Sunday, December 16, 2012

Three Weeks in December by Audrey Schulman

It isn't often that I find myself continuing to think about a book months after I finished reading it.  Even though I'm surrounded by piles of books (yes, physical piles) on my "to read" list, I sometimes struggle to find something to read that keeps me even marginally engaged.  Take, for instance, the books that I've started that have been abandoned on my night stand.  There's The End of Your Life Book Club, a memoir by Will Schwalbe about his mother's battle with cancer and the books they read together during that period.  Despite the good press it's getting, the book is kind of boring. (I feel a bit cold saying that, but it's true.)  There's the lost continent by humorist and travel writer Bill Bryson.  A new friend who I described this blog to said that my approach reminded him of Bryson's writing.  I excitedly went to a book store to check out his work and (despite my friend Althea's other Bryson recommendations) picked up the lost continent, which describes Bryson's journey to find the perfect small American town.  While I love the concept and do enjoy his writing, a small dose of his sarcasm and cynical approach goes a long way.  Where's the joy in his journey?  Then there's the inscribed copy of The Sandcastle Girls by Chris Bohjalian.  (To Nanette--Mount Holyoke rocks!  Thanks for inspiring my favorite heroine.  All the best, Chris Bohjalian.)  The Sandcastle Girls is about a recent graduate from Mount Holyoke (my alma mater, in case you missed that) and her father who travel to Syria in the early 1900s with the Boston-based Friends of Armenia to bring food and medical supplies to the refugees of the Armenian genocide.  I haven't totally given up on this book but it's slow going.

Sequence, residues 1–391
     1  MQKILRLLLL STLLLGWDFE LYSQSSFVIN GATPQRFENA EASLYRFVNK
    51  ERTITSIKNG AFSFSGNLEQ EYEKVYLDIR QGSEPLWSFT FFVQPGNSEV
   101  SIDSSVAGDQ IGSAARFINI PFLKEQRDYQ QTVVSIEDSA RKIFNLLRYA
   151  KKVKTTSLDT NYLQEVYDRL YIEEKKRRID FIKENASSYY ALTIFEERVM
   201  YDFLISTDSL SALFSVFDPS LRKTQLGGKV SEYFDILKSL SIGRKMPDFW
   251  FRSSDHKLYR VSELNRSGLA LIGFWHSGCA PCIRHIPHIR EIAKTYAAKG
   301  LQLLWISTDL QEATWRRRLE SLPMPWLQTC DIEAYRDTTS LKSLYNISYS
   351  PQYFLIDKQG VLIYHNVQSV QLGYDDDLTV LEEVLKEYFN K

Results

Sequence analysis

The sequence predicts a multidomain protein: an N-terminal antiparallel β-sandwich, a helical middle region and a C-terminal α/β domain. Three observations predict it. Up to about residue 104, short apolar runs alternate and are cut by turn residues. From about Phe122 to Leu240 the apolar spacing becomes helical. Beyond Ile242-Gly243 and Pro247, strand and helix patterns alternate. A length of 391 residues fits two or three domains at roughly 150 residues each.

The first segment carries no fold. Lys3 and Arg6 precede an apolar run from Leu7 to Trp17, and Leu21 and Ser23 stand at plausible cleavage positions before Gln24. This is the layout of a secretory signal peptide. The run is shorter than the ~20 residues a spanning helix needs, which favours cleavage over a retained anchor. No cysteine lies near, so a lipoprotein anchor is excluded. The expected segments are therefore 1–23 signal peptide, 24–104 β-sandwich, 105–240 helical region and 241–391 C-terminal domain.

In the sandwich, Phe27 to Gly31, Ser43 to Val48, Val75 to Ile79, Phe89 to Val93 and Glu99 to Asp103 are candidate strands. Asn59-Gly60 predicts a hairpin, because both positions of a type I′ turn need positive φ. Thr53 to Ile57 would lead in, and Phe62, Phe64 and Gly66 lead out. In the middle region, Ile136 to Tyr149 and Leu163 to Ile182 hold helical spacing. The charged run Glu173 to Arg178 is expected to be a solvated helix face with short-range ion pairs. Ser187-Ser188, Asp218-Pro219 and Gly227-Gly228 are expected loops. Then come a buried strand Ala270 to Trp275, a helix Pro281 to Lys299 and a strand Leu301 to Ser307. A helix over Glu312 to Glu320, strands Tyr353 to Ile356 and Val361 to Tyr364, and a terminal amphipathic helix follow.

Which brings me to Three Weeks in December.  Althea gave me this book for my birthday and, on first look, I have to admit that it didn't sound like my cup of tea.  It tells the stories--in alternating chapters--of an American engineer who travels to Rwanda at the turn of the 20th century to work with the British to build the railroad and of an American ethnobotanist who travels to Rwanda at the turn of the 21st century to find an obscure plant that has five times the beta-blockers of any other pharmaceutical.  If you know me, you can see that this isn't the type of book that I would immediately gravitate to.  And yet, the more I got into the stories, the more I found myself carving time out of my day to find out what would happen next.

Schulman is clever in the ways that she creates parallels between her two protagonists' lives.  It won't give away too much of the story to tell you that they are both outsiders.  Jeremy, the engineer, is gay and struggles in Victorian America to find his place.  Max, the ethnobotanist, suffers from a severe case of Asperger's syndrome that makes living daily life extremely challenging with its constant social interaction.  Both Jeremy and Max love their work and jump at the opportunity to travel to Rwanda to take on ground-breaking jobs under demanding circumstances.  Neither Jeremy's nor Max's employer has, however, made full disclosure about just how difficult the conditions will be.  

Each of Jeremy's and Max's story could stand alone as an interesting and thought-provoking book.  Weaving their stories together, however, creates a sum that is greater than its parts.  My only critique of the book is that the way in which Schulman creates the connection between the two stories seems highly improbable.   Nonetheless, Three Weeks in December is a great read that has the power to linger with you long after you finish its last words.   If you've been nice this year, maybe Santa will leave a copy for you under your tree.   

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